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After the success of the non-profit Folding@home project, Sony is interested in leasing out computing power to companies willing to pay

Sony is interested in offering discounts and other incentives to have PlayStation 3 owners create a type of supercomputer grid that can be utilized by businesses.  A number of companies -- especially those working in the medical and pharmaceutical industries -- are interested in harnessing the power from PS3s instead of paying outright for a supercomputer.  Sony would likely have to pay users to keep the PS3 running all the time for the benefit of paying businesses.

Sony is unsure how many PS3 owners will be interested in having someone utilize the computer power of their PS3.  Sony spokespeople said the plan is still in the research stage, so types of incentives and which companies are interested have not been announced.  Discounts on products, free downloads, exclusive content, and points are all possible incentives PS3 owners might receive.

The PlayStation 3 is the main choice for supercomputing since Sony's next-generation console has so much processing power, courtesy of the IBM Cell processor.  A newtork of 10,000 PS3s has the power equivalent to 200,000 home PCs, Sony claims.  

Reports were published last month that showed PlayStation 3 game consoles would be able to participate in Stanford University's Folding@ home program -- a popular distributed computing project that uses the processing power for biomedical research.

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RE: Why not?
By person462 on 4/12/2007 5:28:07 PM , Rating: 0
Wow, do you realize that we have a graduated tax system in this country so that the less money you make the less you are taxed, and vice-versa. Meaning that the wealthy are the ones who pay the most taxes. Think about it logically for one second, does the average American pay enough in taxes that covers sending their child to public school? Not even close and if they had enough for that then what about the roads and the rest of the government expenditures. Who covers the rest of that? Next time think before you post.

RE: Why not?
By fic2 on 4/12/2007 5:41:20 PM , Rating: 3
What the hell are you talking about?

And what country is "this country"? You do realize that there is actual internet access beyond the borders of the U.S., right?

RE: Why not?
By Trisped on 4/12/2007 6:20:52 PM , Rating: 2
Actually, every country with a set tax system I have heard of charges more to those who make more money. US is a little extreme though, rather then charging a lot of luxury taxes (though we do have them) we change the rich a higher % in taxes. So for example someone living on minimum wage might pay 15% taxes, while someone taking home millions might pay 34% of there income as taxes. Even if you switch to a flat tax system a person taking home 25k, but paying the same 20% as the person taking home 5000k will be paying 5k vs the 25k paid by the better off individual.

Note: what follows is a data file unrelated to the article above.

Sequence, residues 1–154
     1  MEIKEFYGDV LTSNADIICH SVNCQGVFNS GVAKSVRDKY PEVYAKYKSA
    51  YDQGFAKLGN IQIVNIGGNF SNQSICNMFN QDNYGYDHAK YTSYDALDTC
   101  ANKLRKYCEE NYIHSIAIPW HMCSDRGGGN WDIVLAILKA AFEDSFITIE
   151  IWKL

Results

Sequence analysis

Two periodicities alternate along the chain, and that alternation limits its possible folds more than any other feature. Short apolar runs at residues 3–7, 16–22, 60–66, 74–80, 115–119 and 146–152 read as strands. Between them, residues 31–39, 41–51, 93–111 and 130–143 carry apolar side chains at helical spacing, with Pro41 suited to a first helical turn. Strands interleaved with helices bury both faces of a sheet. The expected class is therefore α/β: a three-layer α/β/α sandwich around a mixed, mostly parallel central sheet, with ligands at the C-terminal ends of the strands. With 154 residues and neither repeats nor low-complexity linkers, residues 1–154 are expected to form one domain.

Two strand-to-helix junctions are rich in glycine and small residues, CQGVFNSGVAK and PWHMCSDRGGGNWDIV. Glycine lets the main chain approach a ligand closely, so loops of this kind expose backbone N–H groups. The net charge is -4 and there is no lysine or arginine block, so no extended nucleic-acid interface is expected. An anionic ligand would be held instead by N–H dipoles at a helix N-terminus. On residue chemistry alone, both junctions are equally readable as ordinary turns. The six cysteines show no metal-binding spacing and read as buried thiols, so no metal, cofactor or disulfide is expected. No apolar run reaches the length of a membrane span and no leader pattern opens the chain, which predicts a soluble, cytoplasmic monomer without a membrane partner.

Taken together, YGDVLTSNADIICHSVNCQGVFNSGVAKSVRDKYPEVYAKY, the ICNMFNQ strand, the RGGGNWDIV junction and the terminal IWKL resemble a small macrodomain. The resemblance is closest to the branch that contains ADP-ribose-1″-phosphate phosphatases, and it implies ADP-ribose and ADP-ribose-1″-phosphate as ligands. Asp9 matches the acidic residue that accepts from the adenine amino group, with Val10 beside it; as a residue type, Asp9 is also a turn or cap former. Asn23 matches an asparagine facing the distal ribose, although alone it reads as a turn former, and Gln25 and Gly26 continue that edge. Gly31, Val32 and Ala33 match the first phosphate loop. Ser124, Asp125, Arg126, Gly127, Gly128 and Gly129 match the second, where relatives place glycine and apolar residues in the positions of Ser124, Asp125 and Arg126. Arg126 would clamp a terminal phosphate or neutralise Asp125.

RE: Why not?
By fic2 on 4/12/2007 7:19:46 PM , Rating: 3
Actually, in the U.S. if you made more than $94,200 in 2006 you automatically got a 6.2% increase in wages for amounts above that since social security tax only went up to that amount. If you are self employed your raise was 2x that since you pay both employee and employer.

And, actually, if you are self employed you probably pay yourself much less in actual salary and the rest as a "dividend".

There are all kinds of ways to structure your payments so that you get taxed a lot less. Also, if you are pretty wealthy you are probably writing off that vacation home you haven't used in a couple of years.

The U.S. needs to go to some kind of consumption tax so that people start saving instead of consuming. I like

And, BTW, I am self employed and I my income did go over the SS cutoff.

RE: Why not?
By deeznuts on 4/13/2007 1:54:53 AM , Rating: 2
With a consumption tax the poor can be overly burdened with taxes since they consume more of their income then the wealthy. Basic necessesities and simple luxuries take up a lot more of their income then someone wealthy.

RE: Why not?
By TheGreek on 4/13/2007 10:06:01 AM , Rating: 2
Why would basic neccessities have a consumption tax? Last I looked food from a store has no sales tax. Prepared food is another story.

RE: Why not?
By Kuroyama on 4/13/2007 11:21:37 AM , Rating: 2
If you consider Social Security money as money lost down a hole then you're right, but if you consider it as a mandatory pension system then people over $94,200 may have higher take home pay but that's not the same as higher wages or less taxes.

A consumption tax may or may not be a good way to go, but Fairtax's claim that a 23% tax will suffice (with a rebate paid too) is absurdly optimistic. This is the wrong forum to debate that though, so I'll leave it at that.

Anyways, my, we've drifted far from the original topic.

RE: Why not?
By TheGreek on 4/13/2007 10:09:25 AM , Rating: 2
"while someone taking home millions might pay 34% of there income as taxes"

Marginal rates, not overall rates, and reductions for capital gains which probably make up a much larger percentage of their income.

All that before creative accouting kicks in.

"Young lady, in this house we obey the laws of thermodynamics!" -- Homer Simpson
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